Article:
The federal government should ensure there are at least four women on the Supreme Court of Canada's bench, according to retiring Justice Marie Deschamps, but she doesn't think appointees have to be bilingual on day one of the job.
The 59-year-old Quebec justice, whose retirement took effect Aug. 7, expressed her views on those issues and many more during a wide-ranging interview in her office at the Supreme Court. She said she likes the current gender balance with four out of the nine justices being women, and hopes it stays that way when the government fills vacancies.
The search is underway for her replacement and over the next few weeks Deschamps will be wrapping up her work on cases and preparing to move on to the next chapter in her career.
Deschamps commented during the interview on the idea of politicians being appointed to the bench, whether it's time for the Supreme Court to hear a case on doctor-assisted suicide, her passion for the law and concerns she has about access to justice in Canada. She also talked about why she's leaving, the state of the Supreme Court today, and what lies ahead for her.
Here's an edited version of the conversation.
Q: Why are you leaving now after 10 years at the Supreme Court? What prompted your decision?
A: After 10 years I had the feeling that I was ready to do something else. It's been 10 very intense years and I was ready to do something else, that's it. There was no specific reason. The court at this point is a very good place to work and the people who are now here are good friends, it's nothing negative.
Q: What would you say is the biggest challenge facing the court as a group, as an institution?
A: Presently I don't think there is any specific challenge, or any challenge that's different than other times during the life of the court. As I mentioned, the group here is a very good group, very passionate. We have a chief justice that has been chief for the last 12 years, she masters everything that she needs to do as chief. She is excellent as a chief in reconciling positions of people wherever it's possible. It's a good time at the court so I feel that for my successor it's a good time to come in.
Q: There's a case that might eventually come to the Supreme Court, the assisted suicide case from British Columbia. It's been a long time since the Supreme Court has heard this kind of case, Sue Rodriguez in 1993, was the last time. Is it about time the court hears this issue again?
A: I can't tell whether the permission will be granted … whether this case by itself will be a case that will lend itself well for examining the issue, I can't tell because it's only ... when all the arguments are in writing, when the judgments are read that we can find out whether it's time for the court to take the issue.
Q: Some people say it's time for a debate again, 1993 was a long time ago, do you think it's time for a debate in Canada again?
A: There is a distinction between a debate that ends up in the court and debate in society. The court is the last resort. Normally the court is a place where litigants will go because they need to have the court because there are no other mechanisms, but litigation is not the best way to resolve big social issues. There are other places in society where big social issues can be discussed.
Q: Like where?
A: You have universities where big social issues are discussed, you have legislatures, you have elections, where big social issues are discussed. Courts do not have exclusivity as a forum for a discussion of social issues.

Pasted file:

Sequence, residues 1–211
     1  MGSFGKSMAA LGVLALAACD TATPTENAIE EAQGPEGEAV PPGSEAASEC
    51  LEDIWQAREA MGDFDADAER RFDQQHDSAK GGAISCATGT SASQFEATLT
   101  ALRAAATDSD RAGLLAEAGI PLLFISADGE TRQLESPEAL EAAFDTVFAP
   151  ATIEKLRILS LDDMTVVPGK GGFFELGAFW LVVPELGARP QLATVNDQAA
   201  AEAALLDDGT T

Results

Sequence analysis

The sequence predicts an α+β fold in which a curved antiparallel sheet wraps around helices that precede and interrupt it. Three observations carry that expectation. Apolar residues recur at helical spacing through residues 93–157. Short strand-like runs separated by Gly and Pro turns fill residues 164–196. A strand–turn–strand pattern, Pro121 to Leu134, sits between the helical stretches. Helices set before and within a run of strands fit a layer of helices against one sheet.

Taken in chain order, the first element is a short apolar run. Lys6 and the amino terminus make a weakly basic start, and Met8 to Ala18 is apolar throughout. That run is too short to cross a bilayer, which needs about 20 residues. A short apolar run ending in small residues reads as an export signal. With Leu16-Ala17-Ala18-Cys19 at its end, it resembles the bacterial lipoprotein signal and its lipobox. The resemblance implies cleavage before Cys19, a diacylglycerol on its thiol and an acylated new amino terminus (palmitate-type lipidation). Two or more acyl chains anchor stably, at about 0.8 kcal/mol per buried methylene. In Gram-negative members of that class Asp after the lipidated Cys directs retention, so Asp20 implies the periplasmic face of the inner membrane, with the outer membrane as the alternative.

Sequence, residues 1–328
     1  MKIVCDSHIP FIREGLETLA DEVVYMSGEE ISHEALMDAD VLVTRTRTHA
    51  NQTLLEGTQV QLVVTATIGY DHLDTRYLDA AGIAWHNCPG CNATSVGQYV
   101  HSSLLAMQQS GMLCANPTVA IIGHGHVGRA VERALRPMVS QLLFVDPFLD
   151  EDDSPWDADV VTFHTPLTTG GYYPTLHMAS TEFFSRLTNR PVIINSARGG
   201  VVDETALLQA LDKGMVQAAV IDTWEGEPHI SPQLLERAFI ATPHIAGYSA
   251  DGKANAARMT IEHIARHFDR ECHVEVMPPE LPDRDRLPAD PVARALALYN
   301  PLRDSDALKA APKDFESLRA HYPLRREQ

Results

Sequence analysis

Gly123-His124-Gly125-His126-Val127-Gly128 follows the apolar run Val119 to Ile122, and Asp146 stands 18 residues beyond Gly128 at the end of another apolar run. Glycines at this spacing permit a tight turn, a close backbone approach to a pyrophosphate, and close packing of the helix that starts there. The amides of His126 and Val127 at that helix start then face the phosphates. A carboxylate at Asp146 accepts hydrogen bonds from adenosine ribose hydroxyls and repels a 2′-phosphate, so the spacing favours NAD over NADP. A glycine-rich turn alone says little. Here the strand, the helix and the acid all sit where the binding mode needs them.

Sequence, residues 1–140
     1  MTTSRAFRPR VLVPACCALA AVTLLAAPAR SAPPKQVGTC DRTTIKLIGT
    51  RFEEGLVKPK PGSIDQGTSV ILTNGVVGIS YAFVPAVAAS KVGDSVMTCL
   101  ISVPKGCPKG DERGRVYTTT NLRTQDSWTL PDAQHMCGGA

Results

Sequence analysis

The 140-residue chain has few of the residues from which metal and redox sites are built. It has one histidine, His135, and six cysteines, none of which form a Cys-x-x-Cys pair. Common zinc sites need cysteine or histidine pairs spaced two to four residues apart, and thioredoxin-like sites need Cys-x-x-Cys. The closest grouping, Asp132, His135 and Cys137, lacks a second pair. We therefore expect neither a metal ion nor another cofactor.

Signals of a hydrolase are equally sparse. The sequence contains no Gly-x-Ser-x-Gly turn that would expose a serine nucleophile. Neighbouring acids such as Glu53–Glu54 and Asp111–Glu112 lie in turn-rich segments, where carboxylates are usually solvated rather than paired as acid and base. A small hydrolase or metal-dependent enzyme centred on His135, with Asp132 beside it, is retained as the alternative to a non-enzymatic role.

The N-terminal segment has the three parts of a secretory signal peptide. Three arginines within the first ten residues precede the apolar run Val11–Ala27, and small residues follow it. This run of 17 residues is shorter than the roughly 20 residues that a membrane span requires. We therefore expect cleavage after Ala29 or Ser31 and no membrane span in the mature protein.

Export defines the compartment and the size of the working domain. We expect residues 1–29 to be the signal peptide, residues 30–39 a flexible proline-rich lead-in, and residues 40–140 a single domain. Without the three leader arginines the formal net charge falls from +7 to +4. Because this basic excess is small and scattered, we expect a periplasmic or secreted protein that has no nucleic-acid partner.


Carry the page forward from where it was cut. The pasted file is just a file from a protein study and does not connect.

Q: Chief Justice Beverley McLachlin recently expressed concerns about access to justice in Canada. Do you share her concerns?
A: Of course. Because in society there are two groups that can manage their way through the courts: those who are eligible for legal aid and those who have big money. In-between there is a big group of people who will need legal services and for them it's very difficult. We need to find ways ... access to justice is an issue that has been on the table for a long time, I would say, forever, but we need to keep working at it. At present, one of the biggest problems is access to justice for the middle-class people who really have nowhere to turn to. We have to keep working at it.
Q: Do you have any concerns with the appointment of a politician to the bench, straight from Parliament Hill over to a court, any concerns about that?
A: It all depends who is appointed. If the person …has good judgment, good legal experience, the fact that the person has been in politics is not a detriment.
Q: Do you think there should be a cooling off period at all? Should there be a waiting period?
A: Judges follow written and unwritten codes of ethics and my own barometer, my own line of conduct has been whenever I'm not comfortable with deciding an issue and having been involved in [my] previous life in one of the issues is usually a no-no. Codes of ethics are better ways to measure whether someone can or cannot be involved.
Very often, a superficially objective norm like two years cooling off says nothing about the real involvement of someone. Sometimes it can last much longer than two years. Sometimes the person has not been involved even if people would think [he or she] has been. It depends. People have to look at it with some kind of a more contextual approach than just a two- year benchmark.
Q: There are rumours surrounding Public Safety Minister Vic Toews possibly being appointed to the bench in Manitoba. Would it be OK for him to go straight from politics to the bench?
A: As I say, I rely on people not to hear cases in which they've been involved. I have no particular comment on the government appointing politicians. There is experience with other politicians having been appointed and they've been good judges.
There are sufficient mechanisms built in for judges to take a step back and to be able to maintain the standard and the standard is the appearance, not only the actual conflict but appearance of conflict. You have to rely on people to be able to maintain that standard because the consequences are widespread. A judge that comes on the bench will want to maintain the confidence in the administration of justice and one of the first issues is impartiality, independence.